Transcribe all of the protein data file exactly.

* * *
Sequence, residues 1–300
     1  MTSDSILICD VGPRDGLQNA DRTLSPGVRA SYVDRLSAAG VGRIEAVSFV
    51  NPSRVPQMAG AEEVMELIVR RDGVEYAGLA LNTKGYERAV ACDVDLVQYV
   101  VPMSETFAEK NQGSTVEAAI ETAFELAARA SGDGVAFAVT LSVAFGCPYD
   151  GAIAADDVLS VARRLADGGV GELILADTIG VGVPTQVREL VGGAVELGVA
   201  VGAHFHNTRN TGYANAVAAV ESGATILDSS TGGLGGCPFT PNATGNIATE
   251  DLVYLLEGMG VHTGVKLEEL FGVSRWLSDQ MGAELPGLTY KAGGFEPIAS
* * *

Sequence, residues 1–300
     1  MTSDSILICD VGPRDGLQNA DRTLSPGVRA SYVDRLSAAG VGRIEAVSFV
    51  NPSRVPQMAG AEEVMELIVR RDGVEYAGLA LNTKGYERAV ACDVDLVQYV
   101  VPMSETFAEK NQGSTVEAAI ETAFELAARA SGDGVAFAVT LSVAFGCPYD
   151  GAIAADDVLS VARRLADGGV GELILADTIG VGVPTQVREL VGGAVELGVA
   201  VGAHFHNTRN TGYANAVAAV ESGATILDSS TGGLGGCPFT PNATGNIATE
   251  DLVYLLEGMG VHTGVKLEEL FGVSRWLSDQ MGAELPGLTY KAGGFEPIAS